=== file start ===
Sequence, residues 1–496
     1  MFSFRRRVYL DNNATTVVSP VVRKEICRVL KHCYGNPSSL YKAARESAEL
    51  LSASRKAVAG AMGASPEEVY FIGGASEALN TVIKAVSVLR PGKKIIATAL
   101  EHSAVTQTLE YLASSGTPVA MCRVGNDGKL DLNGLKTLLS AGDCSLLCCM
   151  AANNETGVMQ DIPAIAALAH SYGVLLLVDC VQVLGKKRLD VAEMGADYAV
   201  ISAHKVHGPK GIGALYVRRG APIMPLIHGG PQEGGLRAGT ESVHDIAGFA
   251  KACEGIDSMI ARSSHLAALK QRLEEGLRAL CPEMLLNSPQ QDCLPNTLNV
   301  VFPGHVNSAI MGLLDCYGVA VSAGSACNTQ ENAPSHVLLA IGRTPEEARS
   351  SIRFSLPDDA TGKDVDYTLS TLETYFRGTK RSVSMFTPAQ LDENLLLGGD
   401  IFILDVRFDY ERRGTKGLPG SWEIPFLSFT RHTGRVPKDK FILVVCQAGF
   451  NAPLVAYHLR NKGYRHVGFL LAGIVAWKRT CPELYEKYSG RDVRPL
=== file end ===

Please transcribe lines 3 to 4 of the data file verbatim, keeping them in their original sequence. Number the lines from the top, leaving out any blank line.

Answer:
    51  LSASRKAVAG AMGASPEEVY FIGGASEALN TVIKAVSVLR PGKKIIATAL
   101  EHSAVTQTLE YLASSGTPVA MCRVGNDGKL DLNGLKTLLS AGDCSLLCCM